All Articles Leadership Careers What women aren't doing -- but should be -- to get ahead, part 1

What women aren’t doing — but should be — to get ahead, part 1

Under a veneer of progress, what we call the "New Soft War on Women" is gaining strength, based on stubborn stereotypes about what women can’t do.

6 min read


Women earn the majority of advanced degrees, but these dramatic gains have not translated into money and influence. The pipeline is getting filled with educated and talented women, but their way forward is too often blocked. Under a veneer of progress, what we call the “New Soft War on Women” is gaining strength, based on stubborn stereotypes about what women can’t do.

At every level of education and in virtually every occupation, men out-earn women. Over a lifetime of work, women with a bachelor’s degree will earn a third less (some $700,000) than a man with the same degree. Female MBAs earn, on average, $4,600 less than male MBAs in their first job out of business school.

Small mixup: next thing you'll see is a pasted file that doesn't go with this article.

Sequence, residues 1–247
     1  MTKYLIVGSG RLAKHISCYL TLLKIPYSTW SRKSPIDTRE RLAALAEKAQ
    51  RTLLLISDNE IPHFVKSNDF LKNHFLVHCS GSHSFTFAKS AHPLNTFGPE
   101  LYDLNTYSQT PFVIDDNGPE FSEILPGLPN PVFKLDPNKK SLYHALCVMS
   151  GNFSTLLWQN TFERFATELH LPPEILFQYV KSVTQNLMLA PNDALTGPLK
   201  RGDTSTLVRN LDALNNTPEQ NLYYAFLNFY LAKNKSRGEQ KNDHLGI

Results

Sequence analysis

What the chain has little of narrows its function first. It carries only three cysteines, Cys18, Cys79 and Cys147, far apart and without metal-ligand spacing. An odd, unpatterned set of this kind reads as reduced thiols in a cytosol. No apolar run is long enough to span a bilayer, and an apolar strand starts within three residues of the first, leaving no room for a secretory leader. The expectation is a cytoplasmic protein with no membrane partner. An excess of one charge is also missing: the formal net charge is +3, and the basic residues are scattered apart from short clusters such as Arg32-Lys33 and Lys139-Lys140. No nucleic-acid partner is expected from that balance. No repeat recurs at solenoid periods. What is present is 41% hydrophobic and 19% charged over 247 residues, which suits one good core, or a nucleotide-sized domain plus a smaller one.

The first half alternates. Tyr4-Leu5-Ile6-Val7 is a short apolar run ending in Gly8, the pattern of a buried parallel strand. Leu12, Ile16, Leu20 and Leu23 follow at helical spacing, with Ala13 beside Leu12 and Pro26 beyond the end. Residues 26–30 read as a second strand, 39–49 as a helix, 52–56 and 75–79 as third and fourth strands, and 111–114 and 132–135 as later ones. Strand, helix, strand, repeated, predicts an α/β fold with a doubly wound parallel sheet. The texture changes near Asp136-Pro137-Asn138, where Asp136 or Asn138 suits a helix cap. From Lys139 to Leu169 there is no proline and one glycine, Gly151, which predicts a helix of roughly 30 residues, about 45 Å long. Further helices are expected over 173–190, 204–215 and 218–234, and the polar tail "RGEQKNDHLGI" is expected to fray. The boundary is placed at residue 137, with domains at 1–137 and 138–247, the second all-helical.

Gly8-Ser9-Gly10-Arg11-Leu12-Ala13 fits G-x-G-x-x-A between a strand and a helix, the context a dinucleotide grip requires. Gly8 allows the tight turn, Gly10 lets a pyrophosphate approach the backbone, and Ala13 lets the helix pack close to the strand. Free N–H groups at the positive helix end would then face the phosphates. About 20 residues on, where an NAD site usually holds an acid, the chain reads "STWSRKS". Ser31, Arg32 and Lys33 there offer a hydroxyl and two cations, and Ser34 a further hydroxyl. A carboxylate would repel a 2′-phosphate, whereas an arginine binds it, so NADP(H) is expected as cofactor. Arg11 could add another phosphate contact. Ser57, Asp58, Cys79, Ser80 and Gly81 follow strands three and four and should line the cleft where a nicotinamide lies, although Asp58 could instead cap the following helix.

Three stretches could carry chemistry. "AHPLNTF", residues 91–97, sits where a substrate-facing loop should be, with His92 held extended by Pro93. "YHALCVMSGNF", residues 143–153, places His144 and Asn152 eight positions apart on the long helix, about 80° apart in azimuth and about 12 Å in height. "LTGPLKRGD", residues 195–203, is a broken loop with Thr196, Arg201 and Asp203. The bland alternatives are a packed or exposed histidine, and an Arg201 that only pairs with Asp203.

A growing body of research finds a network of obstacles impeding women’s progress as they try to move ahead. But knowledge is power, and there are things women can due to avoid the traps:

Refuse to let the female stereotype define you

You are sure others will see you as the competent woman you know yourself to be. Don’t count on it. Research finds that when people don’t know you, they fall back on the female stereotype. You are put in a little pink box: unassertive, risk-averse, uncomfortable with leadership, not fully committed to the organization, not technically competent and over-emotional. To be taken seriously, women have to provide information about their accomplishments.

Men, on the other hand, automatically get the benefit of the male stereotype. In the absence of evidence to the contrary, they are assumed to be hardworking, success-oriented and dedicated to the welfare of the organization.